Most schools in the Netherlands have open days during the mid-winter. Many schools have something of a pitched battle against nearby rival schools in the effort to attract a good number of new pupils for the forthcoming school year. The school where I teach is no different, we must be seen to compete!
Such open days are all well and good, if a little exhausting and long at the end of the teaching week. But with the current lockdowns and need for extreme social distancing the normal packed school with hundreds of children and their parents simply is not an option. As a result, things are moving online. Most schools are frantically putting together a new online presence/digital open day. Films are being shot, interviews recorded, and websites constructed.
As far as the art department is concerned, in my school we were looking for a way to present a collection of pupils’ work. Collections of photographs or films of pieces of work were of course possible but we wanted something a bit more immersive and interactive, and amongst all the other films that were being made, we simply wanted something that stood out as being a bit different.
The need of the situation, as with many other things in education in the last year, has forced me and a colleague to explore the possibilities more than we perhaps have done up until now. The online exhibition possibilities offered my artsteps.com where something that I have known about for a while but have never fully explored up until now because I simply have not fully felt the need to. But now was the time, was this going to be what we needed?
Well, the short answer to that is a resounding yes, absolutely. A week later I have built three online, three dimensional exhibitions of pupils’ work that are going to serve our purposes fantastically well. The links below will take you there and allow you to pass through and view the work.
Of course, it is not as good as walking around an art room in a school taking a closer look for yourself but given the circumstances it really isn’t a bad substitute for our 10- and 11-year-old visitors and their parents.
Having put it all together, what would I say are the pros and cons on offer here?
- The learning curve for using the software really is not too step. Invest a little time and you should find your way.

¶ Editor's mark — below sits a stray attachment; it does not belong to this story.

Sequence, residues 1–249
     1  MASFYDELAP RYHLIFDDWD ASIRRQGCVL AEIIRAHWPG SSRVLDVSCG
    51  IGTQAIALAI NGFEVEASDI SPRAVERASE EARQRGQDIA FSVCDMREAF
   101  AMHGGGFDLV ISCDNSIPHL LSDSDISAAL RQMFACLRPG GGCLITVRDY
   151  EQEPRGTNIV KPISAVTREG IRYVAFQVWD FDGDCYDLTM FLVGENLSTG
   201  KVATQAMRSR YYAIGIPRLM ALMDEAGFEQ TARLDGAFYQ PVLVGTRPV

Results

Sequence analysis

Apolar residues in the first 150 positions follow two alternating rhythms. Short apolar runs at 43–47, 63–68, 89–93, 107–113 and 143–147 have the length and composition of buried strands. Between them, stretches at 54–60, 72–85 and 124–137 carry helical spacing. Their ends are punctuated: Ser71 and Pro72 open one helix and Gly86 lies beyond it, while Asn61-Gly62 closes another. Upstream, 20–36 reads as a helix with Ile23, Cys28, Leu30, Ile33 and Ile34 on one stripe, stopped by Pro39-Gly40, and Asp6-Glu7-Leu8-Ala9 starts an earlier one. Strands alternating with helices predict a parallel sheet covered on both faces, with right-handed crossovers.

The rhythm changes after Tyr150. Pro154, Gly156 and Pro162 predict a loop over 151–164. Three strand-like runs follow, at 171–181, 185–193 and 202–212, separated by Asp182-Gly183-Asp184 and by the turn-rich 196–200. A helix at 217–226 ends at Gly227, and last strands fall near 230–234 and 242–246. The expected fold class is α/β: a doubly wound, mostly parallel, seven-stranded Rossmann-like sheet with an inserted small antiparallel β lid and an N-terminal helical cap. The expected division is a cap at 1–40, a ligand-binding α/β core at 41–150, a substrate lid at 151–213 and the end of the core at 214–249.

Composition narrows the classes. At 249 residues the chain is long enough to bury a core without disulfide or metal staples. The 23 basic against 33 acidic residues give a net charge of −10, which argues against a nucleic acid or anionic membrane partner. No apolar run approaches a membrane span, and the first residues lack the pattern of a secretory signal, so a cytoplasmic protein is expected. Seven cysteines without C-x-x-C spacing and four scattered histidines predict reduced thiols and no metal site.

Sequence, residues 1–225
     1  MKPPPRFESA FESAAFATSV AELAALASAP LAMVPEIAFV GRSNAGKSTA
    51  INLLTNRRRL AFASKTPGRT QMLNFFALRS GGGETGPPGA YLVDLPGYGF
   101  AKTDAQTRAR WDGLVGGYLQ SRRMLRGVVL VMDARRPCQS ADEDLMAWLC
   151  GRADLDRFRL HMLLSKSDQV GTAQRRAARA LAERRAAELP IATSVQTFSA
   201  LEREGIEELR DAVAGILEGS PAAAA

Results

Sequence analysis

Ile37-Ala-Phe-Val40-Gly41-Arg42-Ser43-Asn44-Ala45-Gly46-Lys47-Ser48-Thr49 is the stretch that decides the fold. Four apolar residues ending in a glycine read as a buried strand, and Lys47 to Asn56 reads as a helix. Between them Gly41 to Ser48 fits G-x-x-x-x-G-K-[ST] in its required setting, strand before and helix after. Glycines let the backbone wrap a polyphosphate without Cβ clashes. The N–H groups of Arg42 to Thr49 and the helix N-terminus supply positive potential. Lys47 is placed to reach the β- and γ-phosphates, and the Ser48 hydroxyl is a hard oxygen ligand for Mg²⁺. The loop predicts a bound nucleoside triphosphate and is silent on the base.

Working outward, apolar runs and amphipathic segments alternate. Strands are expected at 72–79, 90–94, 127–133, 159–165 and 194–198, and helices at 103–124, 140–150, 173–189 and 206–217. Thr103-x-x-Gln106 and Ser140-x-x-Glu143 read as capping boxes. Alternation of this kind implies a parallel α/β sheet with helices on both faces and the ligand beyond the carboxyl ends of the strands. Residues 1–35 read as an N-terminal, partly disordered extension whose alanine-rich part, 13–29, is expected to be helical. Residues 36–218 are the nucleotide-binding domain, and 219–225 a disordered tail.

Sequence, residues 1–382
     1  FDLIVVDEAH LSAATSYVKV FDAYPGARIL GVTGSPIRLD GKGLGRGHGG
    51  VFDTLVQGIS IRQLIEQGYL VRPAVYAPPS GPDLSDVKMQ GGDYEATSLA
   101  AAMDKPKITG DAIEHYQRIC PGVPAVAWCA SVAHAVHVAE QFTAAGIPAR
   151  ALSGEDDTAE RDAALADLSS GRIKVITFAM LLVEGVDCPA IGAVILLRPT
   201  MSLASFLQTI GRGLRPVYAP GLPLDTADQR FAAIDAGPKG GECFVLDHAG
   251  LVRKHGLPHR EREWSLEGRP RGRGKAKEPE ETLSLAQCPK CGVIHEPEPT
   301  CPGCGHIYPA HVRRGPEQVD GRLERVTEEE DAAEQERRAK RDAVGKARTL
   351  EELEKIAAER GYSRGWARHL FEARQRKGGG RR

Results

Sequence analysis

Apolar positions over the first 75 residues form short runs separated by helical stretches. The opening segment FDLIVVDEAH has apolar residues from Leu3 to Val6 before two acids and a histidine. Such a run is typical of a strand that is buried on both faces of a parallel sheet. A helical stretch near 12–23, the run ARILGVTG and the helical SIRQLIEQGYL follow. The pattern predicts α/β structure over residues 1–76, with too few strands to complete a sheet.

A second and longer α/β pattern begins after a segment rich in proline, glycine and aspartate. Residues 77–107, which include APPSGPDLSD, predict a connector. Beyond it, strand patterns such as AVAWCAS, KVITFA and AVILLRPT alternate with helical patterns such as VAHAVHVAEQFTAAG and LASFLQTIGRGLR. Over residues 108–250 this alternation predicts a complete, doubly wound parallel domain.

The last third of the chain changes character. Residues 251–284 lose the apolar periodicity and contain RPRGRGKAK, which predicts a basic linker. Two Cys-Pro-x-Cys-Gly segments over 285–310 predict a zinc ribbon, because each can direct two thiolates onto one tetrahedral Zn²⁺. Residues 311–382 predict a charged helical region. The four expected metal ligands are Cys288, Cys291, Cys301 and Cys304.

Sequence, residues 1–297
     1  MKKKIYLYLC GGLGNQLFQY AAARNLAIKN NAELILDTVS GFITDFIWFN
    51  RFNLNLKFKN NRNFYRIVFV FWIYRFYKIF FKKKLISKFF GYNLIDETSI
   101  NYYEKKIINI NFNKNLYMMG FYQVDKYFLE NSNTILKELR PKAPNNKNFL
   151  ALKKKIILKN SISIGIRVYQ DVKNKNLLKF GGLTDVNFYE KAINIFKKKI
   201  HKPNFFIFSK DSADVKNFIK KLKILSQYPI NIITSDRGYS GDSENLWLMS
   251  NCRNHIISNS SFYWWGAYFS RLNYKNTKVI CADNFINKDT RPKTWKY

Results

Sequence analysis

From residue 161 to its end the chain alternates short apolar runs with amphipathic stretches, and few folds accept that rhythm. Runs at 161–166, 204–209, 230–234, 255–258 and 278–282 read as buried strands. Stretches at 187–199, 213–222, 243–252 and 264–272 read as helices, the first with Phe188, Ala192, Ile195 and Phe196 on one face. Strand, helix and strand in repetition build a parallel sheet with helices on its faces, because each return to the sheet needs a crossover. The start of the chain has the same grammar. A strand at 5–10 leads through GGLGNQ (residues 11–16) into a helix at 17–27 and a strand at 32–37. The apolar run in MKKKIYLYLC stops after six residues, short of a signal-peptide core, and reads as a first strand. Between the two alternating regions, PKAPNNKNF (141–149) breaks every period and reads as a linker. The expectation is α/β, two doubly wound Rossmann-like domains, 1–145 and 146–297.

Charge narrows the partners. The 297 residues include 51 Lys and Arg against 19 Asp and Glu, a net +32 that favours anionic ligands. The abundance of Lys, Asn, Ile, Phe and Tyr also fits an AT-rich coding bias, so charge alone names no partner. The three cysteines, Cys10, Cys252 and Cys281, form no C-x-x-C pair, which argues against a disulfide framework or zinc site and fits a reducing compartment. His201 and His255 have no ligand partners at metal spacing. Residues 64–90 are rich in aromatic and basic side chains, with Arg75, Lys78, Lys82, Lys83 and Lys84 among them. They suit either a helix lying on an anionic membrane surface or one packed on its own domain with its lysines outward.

- Creating a stylish and well-ordered look to the exhibition is both possible and straight forward.
- It is free and everything is online (apart from the photos and films you want to upload) with no software having to be downloaded or installed.
- Videos can also be part of your exhibition.
- You can design your own rooms.
- But above all is just fun to create and fun to visit!
- Three-dimensional work is difficult to include. 3D printer designs can be unloaded and included, but documentation of a tradition sculpture can only be done using a film of the object or photographs of it.
- I do not seem to be able to get the films to work on mobile devices. Although walking around the spaces to look at the pictures on my iPad works perfectly.
- Visiting the exhibitions on a mobile phone is, it seems, possible on some phones and not on others.
The ease with which the software works leaves me thinking of the future possibilities. I see opportunities for asking a group to curate their own exhibitions on selected themes. They could visit the websites museums of the museums of the world gathering the artworks that they need. I have done this before and set poster design assignments as a part of the project, but now I see the additional installation of a 3-dimensional digital exhibition as a fantastic extension of the project.
It is strange how necessity can be the mother of invention, forcing you to explore new possibilities. This has certainly been the case in the past few weeks.